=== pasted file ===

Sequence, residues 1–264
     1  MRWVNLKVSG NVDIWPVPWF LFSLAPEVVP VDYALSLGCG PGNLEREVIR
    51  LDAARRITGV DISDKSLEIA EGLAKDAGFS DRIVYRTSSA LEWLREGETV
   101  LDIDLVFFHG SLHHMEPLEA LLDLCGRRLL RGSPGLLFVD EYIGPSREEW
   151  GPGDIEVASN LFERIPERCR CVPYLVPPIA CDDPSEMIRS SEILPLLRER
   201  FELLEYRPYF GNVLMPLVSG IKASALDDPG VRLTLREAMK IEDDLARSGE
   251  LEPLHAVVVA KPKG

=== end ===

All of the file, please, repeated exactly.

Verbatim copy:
Sequence, residues 1–264
     1  MRWVNLKVSG NVDIWPVPWF LFSLAPEVVP VDYALSLGCG PGNLEREVIR
    51  LDAARRITGV DISDKSLEIA EGLAKDAGFS DRIVYRTSSA LEWLREGETV
   101  LDIDLVFFHG SLHHMEPLEA LLDLCGRRLL RGSPGLLFVD EYIGPSREEW
   151  GPGDIEVASN LFERIPERCR CVPYLVPPIA CDDPSEMIRS SEILPLLRER
   201  FELLEYRPYF GNVLMPLVSG IKASALDDPG VRLTLREAMK IEDDLARSGE
   251  LEPLHAVVVA KPKG